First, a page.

Further, Kalilou Traore, the commissioner for industry and private sector promotion, ECOWAS, who spoke during the UNIDO Forum on Strategies and Instruments for Inclusive and Sustainable Industrial Development, said the recently launched Nigeria Industrial Revolution Plan was a model for Africa, noting that foreign investments would always thrive in the right environment.  It is a notable environment that President Jonathan has created for foreign businesses to thrive.


The conference proceeded to discuss infrastructure, especially the power sector, building the Niger River 2nd Bridge, from the West to the East, as well as building railways across the country.  I attended Congressman Meeks' Power Africa Wall Street three weeks ago, and witnessed the encomium of praises heaped on the President Jonathan's privatization of the power sector.  On the power sector, according to Guardian, UK, "Nigerian Power Breakthrough Provides New Hope for Millions", and went on to say that critical reforms that provide access to private sector capital will enable Nigeria to overcome its huge deficit in electricity supply.

The Guardian went to write, "On 30th September 2013, the president of Nigeria handed over share certificates and licences to the purchasers of electricity generation and distribution companies. This is a critical step forward for Nigeria, making more difference to the lives of ordinary people than any other in the past decade.

Nigerians have suffered for decades from the inadequate electricity service from the government owned monopoly PHCN, the Power Holding Company of Nigeria, commonly known by other names such as 'Please have candle nearby'. Nigeria, Africa's most populous country, produces less grid electricity than the Republic of Ireland. South Africans consume 55 times more energy per head, and Americans 100 times more. Over 50% of Nigeria's 160 million people receive no electricity at all.

The lack of a reliable supply and the constant blackouts cause severe economic damage. The cost of alternatives, mainly diesel generation, is at least four times the cost of a reliable power supply. In addition to this direct cost is the negative impact on people's time — this can mean the time spent accessing alternatives, or the time lost because children cannot read in the evenings. The modern world is dependent on access to information, which in turn is only possible with a reliable and constant source of electricity.

The reliable provision of affordable electricity has the potential to tackle both the symptoms and the causes of poverty. Electricity enables hospitals to function more efficiently and people to cook without suffering from wood-smoke pollution. It reduces CO2 emissions by removing the need for highly polluting diesel generators. Most importantly, it would remove the greatest obstacle to doing business in Nigeria and enable manufacturing and other industries to compete internationally. According to the president of the Manufacturers Association of Nigeria (MAN), Chief Kola Jamodu, 40% of the production cost of manufacturers goes into the provision of electricity, compared to 5-10% in other similar economies.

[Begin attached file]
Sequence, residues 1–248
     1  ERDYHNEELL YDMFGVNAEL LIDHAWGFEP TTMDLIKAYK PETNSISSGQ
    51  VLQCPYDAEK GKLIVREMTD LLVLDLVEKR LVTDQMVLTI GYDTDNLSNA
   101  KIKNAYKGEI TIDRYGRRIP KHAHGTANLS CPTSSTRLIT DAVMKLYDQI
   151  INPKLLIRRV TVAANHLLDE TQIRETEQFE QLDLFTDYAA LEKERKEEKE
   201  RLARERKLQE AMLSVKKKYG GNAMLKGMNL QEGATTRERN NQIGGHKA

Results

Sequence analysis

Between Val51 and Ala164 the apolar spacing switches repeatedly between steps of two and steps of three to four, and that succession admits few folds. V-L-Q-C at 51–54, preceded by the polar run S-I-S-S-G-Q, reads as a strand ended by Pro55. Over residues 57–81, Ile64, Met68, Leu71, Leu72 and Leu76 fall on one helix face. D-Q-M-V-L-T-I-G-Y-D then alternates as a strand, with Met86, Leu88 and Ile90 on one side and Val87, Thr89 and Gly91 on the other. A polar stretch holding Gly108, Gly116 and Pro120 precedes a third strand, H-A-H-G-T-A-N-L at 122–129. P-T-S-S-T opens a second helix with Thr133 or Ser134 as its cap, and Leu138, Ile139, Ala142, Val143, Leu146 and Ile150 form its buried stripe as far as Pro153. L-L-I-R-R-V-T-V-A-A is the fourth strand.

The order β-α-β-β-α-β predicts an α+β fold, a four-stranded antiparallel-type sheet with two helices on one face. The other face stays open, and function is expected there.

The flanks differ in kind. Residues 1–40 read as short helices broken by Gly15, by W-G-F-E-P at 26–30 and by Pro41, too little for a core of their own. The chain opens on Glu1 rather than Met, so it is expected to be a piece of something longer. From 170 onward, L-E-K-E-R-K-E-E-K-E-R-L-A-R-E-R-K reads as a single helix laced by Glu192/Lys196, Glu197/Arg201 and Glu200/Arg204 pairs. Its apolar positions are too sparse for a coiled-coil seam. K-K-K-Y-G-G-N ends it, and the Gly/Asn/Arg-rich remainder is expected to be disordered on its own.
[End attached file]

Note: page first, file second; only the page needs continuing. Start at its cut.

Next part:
Annual public sector investment averaging US$2bn has only led to a limited increase in supply, so the Government took the logical decision to privatise the bulk of its power sector assets as one of the key steps in finally delivering an improved service to Nigerians.


On March 10, President Jonathan layed the foundation for the construction of the 2nd Niger Bridge, the contract of which is being carried out by Julius Berger which pledged that the bridge will be completed on time.


Nigeria has received $600 million of what will eventually be billions of dollars to build a 2,000 mile (3,218 km) nationwide high speed rail (HSR) system. The first tranche is a 20 year loan from China’s Export Import Bank to build an 850 mile (1,367 km) section. Eventually the project will cover 54 stations, freight and passenger travel serving the capital Abuja, surrounding areas and most of Nigeria.

Five-hundred million of the loan will go to the railway project and $100 million for Nigeria’s Galaxy Backbone project to improve security in the capital and provide young Nigerians with access to technology.


Jonathan had promised that his cabinet would consist of more than 35% women, and he has kept that promise, appointing women to highly sensitive and powerful positions.  According to the President, "Research has shown that countries with greater gender equality  have higher standards of living and significantly more achievements in all facets of the society."